Monday, August 31, 2009

a ping-pong game (1)

One of the goals that I postponed long ago was learning OpenGL and creating games with it. I started learning OpenGL, and started building a toy project on the process.
I decided to build a ping-pong game which will be simply a ball moving and hitting around. A simple 2D toy project.
I chose to develop on my mac with XCode & Objective-C. XCode is a simple IDE that works fast and Objective-C is a Object Oriented programming language much simpler that C++. A mac comes with a OpenGL so on a Mac there is not any prerequisite to start developing. Although the source code is written on such platform it wont be hard to port to other platforms.
Code is on svn here.
I have also tagged bar and bars versions which I will be blogging about now.
Setting Up the OpenGL
This is how (code snippets from main.m) :
1:  glutInit(&argc, argv);
glutInit function initializes the GLUT. Parameters are for the underlying Windowing System.
1:       glutInitWindowPosition(400,100);
2: glutInitWindowSize(400,300);
We initialize the windows size & position.
1:       glutInitDisplayMode(GLUT_SINGLE | GLUT_RGB);
We use a single buffer & rgb values for now.
1:       glutCreateWindow("Intro");
This sets the title of the window.
1:       glClearColor(0.0,0.0,0.0,0.0);
This function is like setting the background color.
Setting the Callback Functions
OpenGL is designed with the "Hollywood Principle"; "Don't call me, I'll call you...". To draw on screen and listen to events you register a set of callback functions (from BarCallbacks.m);
1:       glutDisplayFunc(display);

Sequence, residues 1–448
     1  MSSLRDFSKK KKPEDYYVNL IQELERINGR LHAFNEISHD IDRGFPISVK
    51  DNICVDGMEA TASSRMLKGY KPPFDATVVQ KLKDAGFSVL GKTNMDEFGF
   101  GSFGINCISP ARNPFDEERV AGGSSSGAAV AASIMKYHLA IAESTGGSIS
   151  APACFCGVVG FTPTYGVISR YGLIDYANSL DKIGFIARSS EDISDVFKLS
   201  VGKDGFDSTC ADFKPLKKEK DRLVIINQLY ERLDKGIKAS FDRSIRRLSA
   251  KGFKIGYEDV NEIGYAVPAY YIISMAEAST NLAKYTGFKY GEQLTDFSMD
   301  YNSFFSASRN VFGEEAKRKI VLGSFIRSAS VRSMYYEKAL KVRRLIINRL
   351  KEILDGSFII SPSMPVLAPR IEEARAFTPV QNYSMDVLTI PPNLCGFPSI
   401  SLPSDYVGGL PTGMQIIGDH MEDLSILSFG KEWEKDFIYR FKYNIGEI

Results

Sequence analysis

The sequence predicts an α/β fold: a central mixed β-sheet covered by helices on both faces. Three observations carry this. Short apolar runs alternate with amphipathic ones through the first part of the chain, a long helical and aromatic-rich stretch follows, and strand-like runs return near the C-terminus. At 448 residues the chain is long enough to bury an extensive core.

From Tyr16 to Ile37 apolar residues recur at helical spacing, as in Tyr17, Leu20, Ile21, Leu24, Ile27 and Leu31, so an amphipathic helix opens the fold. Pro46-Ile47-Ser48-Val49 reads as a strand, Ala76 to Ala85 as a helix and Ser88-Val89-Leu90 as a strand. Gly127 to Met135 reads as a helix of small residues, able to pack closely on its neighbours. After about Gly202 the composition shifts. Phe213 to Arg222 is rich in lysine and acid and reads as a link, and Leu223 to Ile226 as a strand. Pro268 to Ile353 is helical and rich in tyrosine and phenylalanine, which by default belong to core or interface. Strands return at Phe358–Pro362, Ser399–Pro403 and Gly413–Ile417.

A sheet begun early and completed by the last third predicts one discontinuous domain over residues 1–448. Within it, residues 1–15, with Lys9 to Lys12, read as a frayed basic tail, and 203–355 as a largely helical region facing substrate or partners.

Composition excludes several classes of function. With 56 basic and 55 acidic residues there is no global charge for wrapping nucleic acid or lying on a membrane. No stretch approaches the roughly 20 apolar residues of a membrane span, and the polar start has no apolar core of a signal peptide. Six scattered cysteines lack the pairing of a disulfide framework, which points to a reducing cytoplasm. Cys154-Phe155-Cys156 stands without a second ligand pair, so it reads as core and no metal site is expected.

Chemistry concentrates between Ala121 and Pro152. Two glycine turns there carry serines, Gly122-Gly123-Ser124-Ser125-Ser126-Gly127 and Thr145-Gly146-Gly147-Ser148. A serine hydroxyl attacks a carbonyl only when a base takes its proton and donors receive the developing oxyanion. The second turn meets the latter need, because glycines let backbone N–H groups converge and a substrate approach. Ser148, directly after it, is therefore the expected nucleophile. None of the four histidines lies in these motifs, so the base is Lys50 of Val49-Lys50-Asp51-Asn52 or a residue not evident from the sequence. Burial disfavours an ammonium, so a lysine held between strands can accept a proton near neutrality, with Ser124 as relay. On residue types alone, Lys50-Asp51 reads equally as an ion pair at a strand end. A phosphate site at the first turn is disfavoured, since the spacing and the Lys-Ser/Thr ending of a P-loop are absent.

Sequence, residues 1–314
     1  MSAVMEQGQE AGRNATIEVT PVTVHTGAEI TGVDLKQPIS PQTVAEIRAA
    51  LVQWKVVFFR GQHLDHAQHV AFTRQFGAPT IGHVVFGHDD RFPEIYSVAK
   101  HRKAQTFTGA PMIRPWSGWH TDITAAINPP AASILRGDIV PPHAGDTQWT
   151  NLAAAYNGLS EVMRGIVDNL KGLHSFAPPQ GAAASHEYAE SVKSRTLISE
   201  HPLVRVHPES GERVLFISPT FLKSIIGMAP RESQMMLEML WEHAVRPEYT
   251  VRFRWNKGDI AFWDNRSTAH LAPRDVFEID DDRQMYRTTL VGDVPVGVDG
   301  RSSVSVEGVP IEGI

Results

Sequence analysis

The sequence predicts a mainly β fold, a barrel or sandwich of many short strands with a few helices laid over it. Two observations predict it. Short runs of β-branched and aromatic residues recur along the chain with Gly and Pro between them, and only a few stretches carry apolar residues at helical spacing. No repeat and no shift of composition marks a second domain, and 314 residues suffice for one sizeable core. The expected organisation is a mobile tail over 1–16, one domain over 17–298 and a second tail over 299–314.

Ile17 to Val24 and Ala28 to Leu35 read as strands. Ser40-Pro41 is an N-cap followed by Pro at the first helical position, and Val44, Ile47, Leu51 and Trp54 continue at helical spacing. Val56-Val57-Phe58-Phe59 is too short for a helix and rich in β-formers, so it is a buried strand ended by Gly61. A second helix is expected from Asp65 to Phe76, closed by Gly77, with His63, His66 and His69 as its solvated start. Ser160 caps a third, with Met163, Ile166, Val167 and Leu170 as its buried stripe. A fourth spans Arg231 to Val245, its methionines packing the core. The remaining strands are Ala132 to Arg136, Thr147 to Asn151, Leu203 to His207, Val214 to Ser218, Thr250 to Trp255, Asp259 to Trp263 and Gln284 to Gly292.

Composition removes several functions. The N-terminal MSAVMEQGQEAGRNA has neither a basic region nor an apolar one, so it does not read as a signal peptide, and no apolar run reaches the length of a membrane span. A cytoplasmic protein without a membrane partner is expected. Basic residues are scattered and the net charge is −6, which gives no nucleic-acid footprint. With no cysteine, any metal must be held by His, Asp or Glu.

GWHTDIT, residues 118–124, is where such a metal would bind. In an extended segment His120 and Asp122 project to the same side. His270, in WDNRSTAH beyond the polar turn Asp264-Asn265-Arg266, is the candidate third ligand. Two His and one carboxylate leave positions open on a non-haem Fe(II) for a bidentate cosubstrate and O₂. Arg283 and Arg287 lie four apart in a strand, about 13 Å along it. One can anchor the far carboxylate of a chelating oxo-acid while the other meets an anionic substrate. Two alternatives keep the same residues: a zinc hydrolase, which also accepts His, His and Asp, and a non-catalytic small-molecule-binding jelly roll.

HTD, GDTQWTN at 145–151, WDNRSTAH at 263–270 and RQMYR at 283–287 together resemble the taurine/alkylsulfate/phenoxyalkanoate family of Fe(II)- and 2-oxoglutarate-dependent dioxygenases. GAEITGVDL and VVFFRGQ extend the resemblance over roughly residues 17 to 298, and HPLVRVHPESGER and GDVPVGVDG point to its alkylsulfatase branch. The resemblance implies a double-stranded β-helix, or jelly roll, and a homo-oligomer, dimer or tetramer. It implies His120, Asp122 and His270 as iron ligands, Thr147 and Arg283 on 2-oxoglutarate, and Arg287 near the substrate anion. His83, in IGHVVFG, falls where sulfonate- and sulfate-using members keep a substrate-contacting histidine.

2: glutReshapeFunc(reshape);
3: glutKeyboardFunc(keyHandler);
4: glutKeyboardUpFunc(keyUp);
Display callback function is for actually drawing on screen. Reshape function is for redisplaying after the window moves or resizes. Keyboard functions are for detecting key strokes of the user.
These callback function are 'C' functions and this means that you can not use Objective-C methods directly. To use the Objective-C methods you have to use a static variable. I set up a pattern where the 'C' callback functions delegate to Objects and their appropriate methods. This way I can take advantage of the object oriented paradigm.
I created a BarCallbacks Object which is simply responsible of drawing rectangles on screen. Here is the display function and its delegate;
1:  static BarCallbacks * workingCallback;
2: void display() {
4: [workingCallback display];
5: glFlush();
6: }
7: -(void) display {
8: // loads the identity matrix
9: glLoadIdentity();
10: // floating point red, green, blue values
11: // 0 to 1 probably but may change I guess 3if ?
12: glColor3f(0.0,0.0,1.0);
13: glRectf(box.x - box.xr, box.y - box.yr, box.x + box.xr, box.y + box.yr);
14: }
workingCallback is the static variable used to delegate from the C function to the Object method.
glClear function (line 3) clears the screen with the color we previously specified. Then we draw the rectangle. glColor3f (line 12) sets the drawing color to blue and glRectf draws the rectangle to specified coordinates.
Another thing we need to setup is the perspective. There are two types of perspectives. I used the Orthogonal Perspective which is I think is easier to use for this kind of app.
1:  glOrtho(0, x, y, 0, 0, 1);
x and y are the width and height of the window. Since this will be a 2D app. I gave the Z-index 1. This function is called from the reshape function.
After setting up the callbacks OpenGL system, machine is more appropriate I think, is started with;
1:  glutMainLoop();
Our rectangle will be displayed, if you put break points you will observe that user key-strokes are caught. I tagged all the code up to this point as bar.
With the BarCallbacks Object we created, I wanted to make some walls where our ball will bounce around. Here are the changes I made to delegating system so that we can use multiple BarCallbacks;
1:  static NSMutableArray * callbacks;
2: void display() {
4: for( int i = 0; i < callbacks.count; i++) {
5: BarCallbacks * cb = [callbacks objectAtIndex:i];
6: [cb display];
7: }
8: glFlush();
9: }
I changed the static variable to an mutable array. Then looped on on callback methods and delegated.
Here is my three walls;
1:       [[BarCallbacks alloc] initWithRect:390 y1:10 w:10 h:280];
2: [[BarCallbacks alloc] initWithRect:0 y1:10 w:10 h:280];
3: [[BarCallbacks alloc] initWithRect:0 y1:0 w:400 h:10];
And how it looks;Next we need a ball, a platform and some collision detection.